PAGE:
Vice President Pence’s chief of staff said in a statement on Saturday that the vice president “welcomes” an effort by some lawmakers to “raise objections” on Jan. 6, when Congress meets to certify the Electoral College vote.
“Vice President Pence shares the concerns of millions of Americans about voter fraud and irregularities in the last election,” Marc Short, Pence’s chief of staff said in a statement to The Hill.
“The Vice President welcomes the efforts of members of the House and Senate to use the authority they have under the law to raise objections and bring forward evidence before the Congress and the American people on January 6th,” the statement continued.
The comment is the most extensive remark Pence’s office has made on the Jan. 6 proceedings following a highly contentious election between President TrumpDonald TrumpTrump calls Georgia Senate runoffs ‘both illegal and invalid’ in New Year’s tweets Judge dismisses Gohmert’s election suit against Pence Ex-GOP senator suggests forming new party, calls Trump ‘ringmaster’ of Republicans MORE and President-elect Joe BidenJoe BidenTrump calls Georgia Senate runoffs ‘both illegal and invalid’ in New Year’s tweets Judge dismisses Gohmert’s election suit against Pence Ex-GOP senator suggests forming new party, calls Trump ‘ringmaster’ of Republicans MORE.
In the roughly two months since Election Day, Pence has stopped short of explicitly echoing Trump’s language that the election was fraudulent, instead calling for all “legal votes” to be counted. Still, he has not publicly discouraged efforts by the president or his allies to challenge or overturn the election results.
His statement comes a day after a GOP lawsuit seeking to give him the authority to overturn the election results on Jan. 6 was dismissed for lack of standing.
Pence will preside over the Jan. 6 meeting, but his role is largely ceremonial.
Dozens of incoming and current House Republicans have indicated they would challenge the Electoral College vote during Wednesday’s meeting. GOP Reps. Andy Biggs (Ariz.), Matt GaetzMatthew (Matt) GaetzHere are the Republicans planning to challenge the Electoral College results Growing number of House Republicans warm to proxy voting Florida Democrat files petition to disbar Gaetz MORE (Fla.), Louie GohmertLouis (Louie) Buller GohmertJudge dismisses Gohmert’s election suit against Pence That Louie Gohmert lawsuit Arizona GOP chairwoman’s YouTube comments could undercut Republican election lawsuit against Pence MORE (Texas), Paul GosarPaul Anthony GosarHere are the Republicans planning to challenge the Electoral College results Top GOP lawmakers call for Swalwell to be removed from Intelligence Committee House Republicans who didn’t sign onto the Texas lawsuit MORE (Ariz.) and Jody HiceJody Brownlow HiceHere are the Republicans planning to challenge the Electoral College results Growing number of GOP lawmakers back Electoral College challenge The Hill’s Morning Report – Congress passes year-end COVID-19 relief, omnibus deal MORE (Ga.) are some of the Republicans who plan to challenge the Electoral College vote when Congress meets next week.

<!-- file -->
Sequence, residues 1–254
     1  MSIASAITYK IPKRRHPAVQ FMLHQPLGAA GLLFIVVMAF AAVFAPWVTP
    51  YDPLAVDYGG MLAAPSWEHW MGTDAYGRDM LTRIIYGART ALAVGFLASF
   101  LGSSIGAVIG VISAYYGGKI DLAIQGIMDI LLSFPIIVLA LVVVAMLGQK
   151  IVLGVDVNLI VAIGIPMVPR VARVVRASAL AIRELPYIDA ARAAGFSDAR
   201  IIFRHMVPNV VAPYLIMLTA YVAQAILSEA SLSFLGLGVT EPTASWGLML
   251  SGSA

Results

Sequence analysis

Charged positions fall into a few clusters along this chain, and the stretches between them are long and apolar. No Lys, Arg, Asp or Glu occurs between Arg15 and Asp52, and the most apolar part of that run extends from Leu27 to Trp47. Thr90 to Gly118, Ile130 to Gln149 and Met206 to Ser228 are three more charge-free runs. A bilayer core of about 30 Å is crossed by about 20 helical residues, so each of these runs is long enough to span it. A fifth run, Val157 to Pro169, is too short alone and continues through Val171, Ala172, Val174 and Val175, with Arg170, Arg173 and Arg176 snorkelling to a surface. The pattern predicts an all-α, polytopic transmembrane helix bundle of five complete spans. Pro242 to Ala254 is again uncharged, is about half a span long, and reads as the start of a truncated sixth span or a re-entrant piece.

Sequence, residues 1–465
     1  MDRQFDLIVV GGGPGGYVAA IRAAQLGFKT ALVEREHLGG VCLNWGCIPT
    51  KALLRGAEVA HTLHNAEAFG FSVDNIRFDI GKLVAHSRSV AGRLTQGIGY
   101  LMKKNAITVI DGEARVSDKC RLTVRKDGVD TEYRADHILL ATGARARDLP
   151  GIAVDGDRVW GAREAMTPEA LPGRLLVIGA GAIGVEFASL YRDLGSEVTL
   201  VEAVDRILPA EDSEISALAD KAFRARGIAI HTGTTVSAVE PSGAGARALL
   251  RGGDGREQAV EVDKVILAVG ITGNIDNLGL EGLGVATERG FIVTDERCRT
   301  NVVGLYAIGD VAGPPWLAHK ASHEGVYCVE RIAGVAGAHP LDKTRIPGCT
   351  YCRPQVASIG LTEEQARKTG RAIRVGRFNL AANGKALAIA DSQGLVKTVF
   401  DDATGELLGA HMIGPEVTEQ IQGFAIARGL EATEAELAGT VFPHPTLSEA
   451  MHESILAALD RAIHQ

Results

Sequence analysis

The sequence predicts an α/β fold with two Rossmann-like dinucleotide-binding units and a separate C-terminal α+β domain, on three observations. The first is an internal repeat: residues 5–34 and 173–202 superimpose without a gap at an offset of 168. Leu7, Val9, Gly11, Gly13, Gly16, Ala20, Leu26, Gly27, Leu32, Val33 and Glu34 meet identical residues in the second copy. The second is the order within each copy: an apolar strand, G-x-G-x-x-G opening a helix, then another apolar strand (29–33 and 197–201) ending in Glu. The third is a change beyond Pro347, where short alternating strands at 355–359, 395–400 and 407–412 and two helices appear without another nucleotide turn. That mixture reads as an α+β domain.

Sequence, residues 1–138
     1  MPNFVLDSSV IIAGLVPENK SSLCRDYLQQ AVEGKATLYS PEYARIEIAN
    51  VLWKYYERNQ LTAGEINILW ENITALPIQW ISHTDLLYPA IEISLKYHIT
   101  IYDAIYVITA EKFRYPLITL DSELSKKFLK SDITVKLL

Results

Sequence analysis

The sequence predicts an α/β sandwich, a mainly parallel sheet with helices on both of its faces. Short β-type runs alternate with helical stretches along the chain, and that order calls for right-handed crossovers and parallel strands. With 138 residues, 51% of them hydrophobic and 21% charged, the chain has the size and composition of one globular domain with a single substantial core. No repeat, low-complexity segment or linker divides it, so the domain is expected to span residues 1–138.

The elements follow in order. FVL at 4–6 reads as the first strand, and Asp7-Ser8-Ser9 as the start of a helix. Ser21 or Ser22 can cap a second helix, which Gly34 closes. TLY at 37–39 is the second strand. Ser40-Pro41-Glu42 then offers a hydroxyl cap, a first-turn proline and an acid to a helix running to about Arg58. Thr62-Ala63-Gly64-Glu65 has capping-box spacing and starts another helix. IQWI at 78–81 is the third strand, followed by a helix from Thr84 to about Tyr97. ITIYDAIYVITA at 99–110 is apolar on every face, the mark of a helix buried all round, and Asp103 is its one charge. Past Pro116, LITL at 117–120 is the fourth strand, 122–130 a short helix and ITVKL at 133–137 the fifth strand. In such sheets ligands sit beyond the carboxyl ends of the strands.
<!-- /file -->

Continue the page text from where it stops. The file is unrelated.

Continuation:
Sen. Josh HawleyJoshua (Josh) David HawleyEx-GOP senator suggests forming new party, calls Trump ‘ringmaster’ of Republicans Georgia keeps Senate agenda in limbo Frustrations flare as ,000 checks blocked for fourth straight day MORE (R-Mo.) was the first GOP senator to indicate that he would join the effort last week. His objection, along with one House lawmaker is enough to ensure that both chambers would have to debate and vote in the House and Senate over the issue.
A majority in both chambers would have to vote to uphold the objection in order for it to be successful.
However, the effort is not likely to succeed since Democrats control the House, and several GOP senators have said they would oppose any objections.
Hawley, along with other Republican lawmakers have raised concerns about the number of allegations of voter fraud following the 2020 presidential election. Trump and his allies have alleged repeatedly the election was effected by widespread voter fraud.
However, top election officials, in addition to former U.S. Attorney General Bill Barr have confirmed that there is no evidence of widespread fraud.
The movement to challenge the election results next week gained new momentum on Saturday after 11 GOP senators said that they would object until there is a 10-day audit of election returns in certain states.
President-elect Biden won 306 Electoral Votes compared to President Trump’s 232, and Biden led Trump by 7 million votes in the popular vote.
— Brett Samuels contributed